Nachi no Ogi Matsuri is the grand annual festival of Kumano Nachi Taisha Shrine.
When Emperor Jimmu (the founding emperor of Japan, and the patriarch of its royal lineage) entered into the land of Kumano, he discovered Nachi Falls and decided to enshrine the waterfall itself as a deity. Later, in the 5th year of Nintoku Emperor's reign (317 AD), a shrine pavilion was erected and deities were welcomed in. This founded the present day Kumano Nachi Taisha Shrine, while Nachi Falls became a separate Hiro Shrine. The 133m tall waterfall of Nachi is registered as one of the 100 best waterfalls of Japan, as well as a UNESCO world heritage site, while being a rare shrine with a waterfall as its deity.
The Ogi Matsuri is a sacred rite where deities enshrined at Kumano Nachi Taisha Shrine ride on 12 portable "Ogi mikoshi" shrines to make a return visit to Nachi Falls where they used to be enshrined. Shrine parishioners dressed in white fearlessly walk the shrine's stone steps carrying flaming torches weighing approximately 50 kg. Many sightseers come from all across the country to witness this stately festival.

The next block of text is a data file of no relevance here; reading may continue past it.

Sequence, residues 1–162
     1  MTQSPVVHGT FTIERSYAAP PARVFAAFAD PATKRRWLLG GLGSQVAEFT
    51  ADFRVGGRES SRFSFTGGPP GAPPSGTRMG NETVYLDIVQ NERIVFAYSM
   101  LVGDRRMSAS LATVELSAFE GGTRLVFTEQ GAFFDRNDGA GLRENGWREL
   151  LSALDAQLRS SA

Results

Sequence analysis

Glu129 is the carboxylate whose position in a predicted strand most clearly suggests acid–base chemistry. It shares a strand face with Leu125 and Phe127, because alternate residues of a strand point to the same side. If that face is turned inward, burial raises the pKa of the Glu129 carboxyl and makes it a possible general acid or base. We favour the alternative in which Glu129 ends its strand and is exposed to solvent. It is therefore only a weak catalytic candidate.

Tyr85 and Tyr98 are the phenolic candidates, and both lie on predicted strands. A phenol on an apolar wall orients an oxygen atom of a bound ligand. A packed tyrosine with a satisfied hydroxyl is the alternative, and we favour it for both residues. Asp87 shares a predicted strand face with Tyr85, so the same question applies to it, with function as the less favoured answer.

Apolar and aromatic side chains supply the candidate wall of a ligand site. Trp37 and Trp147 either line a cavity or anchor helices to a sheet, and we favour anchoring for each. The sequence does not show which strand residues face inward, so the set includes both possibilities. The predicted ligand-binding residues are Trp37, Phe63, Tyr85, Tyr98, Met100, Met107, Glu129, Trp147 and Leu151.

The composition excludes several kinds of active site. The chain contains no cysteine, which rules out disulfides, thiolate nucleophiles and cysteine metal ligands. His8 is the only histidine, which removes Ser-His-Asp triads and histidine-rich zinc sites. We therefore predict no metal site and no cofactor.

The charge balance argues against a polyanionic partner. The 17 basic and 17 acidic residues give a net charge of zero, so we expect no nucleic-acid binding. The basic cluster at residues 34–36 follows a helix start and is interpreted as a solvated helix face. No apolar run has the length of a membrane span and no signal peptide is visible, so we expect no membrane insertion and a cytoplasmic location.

The climactic ceremonial lighting of the large torch takes place on the shrine's walkway in front of the waterfall at 2 pm. This event attracts a lot of viewers, and therefore we suggest that you find a spot at an early time to assure viewing.
Picture provided by Kumano Nachi Grand Shrine
Due to the sacred nature of the event, obstructing the procession is strictly prohibited.
Access to Higashimuro County
JR Kii-Katsuura Station
Kumano Nachi Taisha Shrine, Hiro Shrine
Catch the Kumano-kotsu bus from Kii-Katsuura Station to "Nachisan" bus stop.
Address: Nachisan, Nachikatsuura-cho Higashimuro-gun, Wakayama Pref.